The flavours of tortas de aceite, the cakeyness of doughnuts, the slightly crispy edges and ease of waffles.
You read that right. Doughnut Waffles.
Only a couple of posts ago I exhorted you to waffle falafels because – and I partially quote myself – “…anything as waffles is a thing”. But not just a thing, a delicious idea whose time is now.
I haven’t made up this concept, by the way. You may have even even waffled some doughnut batter already. If so, I applaud you. I too have been grabbing any reasonable opportunity to make pretty, gridded foodstuffs. Must be a spring thing.
This time though we are going a bit sweeter, a bit more mainstream. But not properly mainstream because, as with me asking you to trust me on chickpea liquid/aquafaba in the recent Turkish delight chocolate mousse, I am asking you to drop some aquafaba into this doughnut waffle recipe. If I couldn’t tempt you with the chocolate mousse idea (please try it – skim the 93 comments on the 2015 post – as it really works!) THIS is the one to initiate you into the aquafaba gang: you are only replacing the egg that normally goes into baked doughnut batter. Just. Three. Tablespoons. Keep the rest of the chickpea liquid in the freezer for my next aquafaba recipe.
So, this recipe. Do you know about tortas de aceite? Those crispy, sweet Spanish flatbreads flavoured with anise? Fancy delis, Waitrose and Marks and Spencers sell them for quite a pretty penny, but they are straightforward to make. I’ve got a lighter, less sweet recipe – Sugared Spelt and Olive Oil Biscuits – from all the way back in 2011. I think it was my third post. Today’s recipe is an update on this sweet, aromatic pastry.
The aromatic ingredient is anise. But don’t worry that your doughnut waffles will taste like liquorice. They won’t. The tailed seeds have a different taste, a cross between fennel seeds and star anise. If that still doesn’t float your boat, why not use cinnamon, cardamom, or a combination of the two? I did that for some baked doughnuts I posted recently on Instagram. In fact, what inspired me to revisit the tortas de aceite idea was coming across my jar of anise while rummaging around for the cardamom. I got mine from Steenbergs. It is a bit specialist, so go with the fennel option (toasted and crushed) or fennel seed and star anise. if you like
Have you waffled doughnuts? What flavours did you go for? What else have you been waffling? How are you getting on with aquafaba?
Brown Sugar and Spice Olive Oil Doughnut Waffles
The flavours of tortas de aceite, the cakeyness of doughnuts, the slightly crispy edges and ease of waffles. Make as soft, mini baked doughnuts if you don’t have a waffle maker. xx
50g (3/8 cup) teff flour
90g (7/8 cup) unbleached plain flour (or use all unbleached plain flour)
Rounded 1/2 tsp baking powder
1/4 tsp fine salt
1 tsp anise seeds or fennel seeds, divided use (add a pinch of ground star anise, if you have any, if just using the fennel) – toasted in a small pan and crushed with a pestle and mortar or in a spice mill *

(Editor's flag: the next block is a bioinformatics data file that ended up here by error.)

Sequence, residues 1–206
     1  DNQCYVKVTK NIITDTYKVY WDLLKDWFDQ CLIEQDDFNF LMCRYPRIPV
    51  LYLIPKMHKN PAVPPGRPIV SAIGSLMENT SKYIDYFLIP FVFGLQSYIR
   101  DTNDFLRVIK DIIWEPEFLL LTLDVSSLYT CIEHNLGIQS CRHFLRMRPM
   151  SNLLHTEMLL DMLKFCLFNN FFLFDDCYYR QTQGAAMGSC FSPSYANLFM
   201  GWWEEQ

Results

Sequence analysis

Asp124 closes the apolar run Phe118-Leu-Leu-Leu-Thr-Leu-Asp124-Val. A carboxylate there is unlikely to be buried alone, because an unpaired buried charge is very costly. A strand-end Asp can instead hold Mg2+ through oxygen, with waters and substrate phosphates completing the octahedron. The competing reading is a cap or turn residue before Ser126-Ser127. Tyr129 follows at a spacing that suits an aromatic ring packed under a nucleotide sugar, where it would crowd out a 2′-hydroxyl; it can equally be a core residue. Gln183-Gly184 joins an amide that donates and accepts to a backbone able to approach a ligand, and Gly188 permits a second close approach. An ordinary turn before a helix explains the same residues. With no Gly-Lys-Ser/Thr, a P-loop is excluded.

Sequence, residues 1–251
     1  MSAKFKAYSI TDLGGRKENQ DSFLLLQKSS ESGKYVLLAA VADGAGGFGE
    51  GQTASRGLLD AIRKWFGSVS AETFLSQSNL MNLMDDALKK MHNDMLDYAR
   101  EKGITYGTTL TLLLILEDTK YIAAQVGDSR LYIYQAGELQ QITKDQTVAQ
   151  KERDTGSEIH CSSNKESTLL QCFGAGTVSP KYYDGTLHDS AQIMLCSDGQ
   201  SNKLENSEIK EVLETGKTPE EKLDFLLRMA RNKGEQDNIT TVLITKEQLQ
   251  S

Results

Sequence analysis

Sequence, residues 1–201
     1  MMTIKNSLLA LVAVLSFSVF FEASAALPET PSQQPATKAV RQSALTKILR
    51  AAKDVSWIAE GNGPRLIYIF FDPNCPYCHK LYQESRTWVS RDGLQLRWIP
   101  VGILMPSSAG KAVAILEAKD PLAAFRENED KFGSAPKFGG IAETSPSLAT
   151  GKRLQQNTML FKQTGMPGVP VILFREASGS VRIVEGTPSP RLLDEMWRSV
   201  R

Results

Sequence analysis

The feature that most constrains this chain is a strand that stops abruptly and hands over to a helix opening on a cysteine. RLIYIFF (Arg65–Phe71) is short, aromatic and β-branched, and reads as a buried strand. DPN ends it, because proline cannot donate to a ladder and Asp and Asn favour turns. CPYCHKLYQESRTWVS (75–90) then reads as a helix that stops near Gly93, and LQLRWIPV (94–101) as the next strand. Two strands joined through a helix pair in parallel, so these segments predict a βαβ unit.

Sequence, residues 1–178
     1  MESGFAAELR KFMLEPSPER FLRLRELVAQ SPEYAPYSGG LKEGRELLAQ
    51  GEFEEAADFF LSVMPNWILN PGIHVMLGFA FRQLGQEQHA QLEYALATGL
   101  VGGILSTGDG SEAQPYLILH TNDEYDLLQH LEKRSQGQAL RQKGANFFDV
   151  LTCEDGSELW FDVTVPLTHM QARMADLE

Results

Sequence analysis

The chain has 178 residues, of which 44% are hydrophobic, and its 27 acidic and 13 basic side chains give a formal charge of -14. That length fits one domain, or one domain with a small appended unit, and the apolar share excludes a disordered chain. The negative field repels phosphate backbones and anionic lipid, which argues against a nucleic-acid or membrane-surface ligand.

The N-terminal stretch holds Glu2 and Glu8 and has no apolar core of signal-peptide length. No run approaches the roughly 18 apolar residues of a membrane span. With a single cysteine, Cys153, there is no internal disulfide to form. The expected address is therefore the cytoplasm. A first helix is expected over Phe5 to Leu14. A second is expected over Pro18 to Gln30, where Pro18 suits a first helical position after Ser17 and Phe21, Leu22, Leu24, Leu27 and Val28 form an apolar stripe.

100g (1/2 cup) brown sugar (I like muscovado), divided use**
112ml almond (1/2 cup) or other milk (use 75ml/ 1/3 cup if using all plain flour; teff is a thirsty flour)
4 tbsp chickpea liquid/aquafaba (from home-cooked chickpeas or unsalted, organic bought – Sainsburys has organic chickpeas in cartons) OR one large organic egg, beaten
1 tsp pure vanilla extract
3 tbsp olive oil, divided use
* substitute the anise or fennel for cinnamon and/or cardamom if you like
** reduce sugar further by replacing some of the dipping sugar (i.e. part of the remaining 50g) with toasted and finely ground pecans or walnuts. I like about four parts ground nuts to one part sugar.
1. Heat your waffle maker as directed. Heat your oven to a low, food-warming rather than cooking temperature – I go for 100C/212F.
2. Meanwhile, sift the flours with the salt and baking powder into a large wide bowl, then dry whisk in scant 1/4 teaspoon of the crushed seeds and 50 grams of sugar. Whisk in the milk, aquafaba or egg, vanilla and 1 tablespoon olive oil until smooth. You are wanting a thick, dropping consistency, so add a little more milk or a little more flour to achieve this – if needed. Different types of wheat have differing absorbency.
3. Oil the waffle maker plates as manufacturer suggests, then spoon some mixture into the centre of each plate to fill about two-thirds of the space. Bake until the waffles are lightly golden. My machine isn’t fancy so I have to peek to check. Put cooked waffles onto a tray and place it in the pre-heated oven to keep warm. Carry on with the remaining batter.
4. Mix together the remaining sugar and spices and pour onto a tray or plate. When the waffles are ready brush them with olive oil and dredge or sprinkle with the spiced sugar. Eat immediately. These can also be reheated and enjoyed later but are best fresh, I think. These also freeze well for up to one month.
Because this is using the stuff you normally would throw away from a can of chickpeas, I am entering this recipe into Elizabeth’s No Waste Food Challenge. Why not visit and see other blogger’s ways of upcycling their food waste!
Baked Doughnut and Doughnut Waffle Recipes from Others
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